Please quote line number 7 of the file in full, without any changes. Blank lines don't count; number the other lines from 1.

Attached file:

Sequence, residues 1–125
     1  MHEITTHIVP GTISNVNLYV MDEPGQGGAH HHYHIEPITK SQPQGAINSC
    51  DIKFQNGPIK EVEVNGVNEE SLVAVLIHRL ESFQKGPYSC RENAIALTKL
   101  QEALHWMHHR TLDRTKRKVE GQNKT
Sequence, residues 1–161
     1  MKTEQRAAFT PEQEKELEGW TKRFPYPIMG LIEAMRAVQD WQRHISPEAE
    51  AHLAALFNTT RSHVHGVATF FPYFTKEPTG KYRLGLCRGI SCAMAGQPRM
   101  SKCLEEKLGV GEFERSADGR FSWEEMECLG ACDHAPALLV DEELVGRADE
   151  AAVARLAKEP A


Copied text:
    51  AHLAALFNTT RSHVHGVATF FPYFTKEPTG KYRLGLCRGI SCAMAGQPRM